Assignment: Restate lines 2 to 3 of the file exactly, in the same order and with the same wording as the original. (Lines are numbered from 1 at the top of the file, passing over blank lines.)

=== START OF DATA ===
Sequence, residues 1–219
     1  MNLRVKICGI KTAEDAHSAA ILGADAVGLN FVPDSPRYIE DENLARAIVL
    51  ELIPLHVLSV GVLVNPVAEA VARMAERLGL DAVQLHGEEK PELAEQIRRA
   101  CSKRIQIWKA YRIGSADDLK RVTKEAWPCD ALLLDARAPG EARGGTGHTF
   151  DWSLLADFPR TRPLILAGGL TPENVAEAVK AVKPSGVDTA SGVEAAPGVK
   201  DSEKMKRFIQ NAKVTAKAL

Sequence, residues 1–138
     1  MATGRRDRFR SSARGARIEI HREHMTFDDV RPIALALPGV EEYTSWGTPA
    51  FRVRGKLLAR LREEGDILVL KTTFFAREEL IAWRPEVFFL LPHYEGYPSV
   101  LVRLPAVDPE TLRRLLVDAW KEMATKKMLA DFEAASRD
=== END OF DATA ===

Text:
     1  MNLRVKICGI KTAEDAHSAA ILGADAVGLN FVPDSPRYIE DENLARAIVL
    51  ELIPLHVLSV GVLVNPVAEA VARMAERLGL DAVQLHGEEK PELAEQIRRA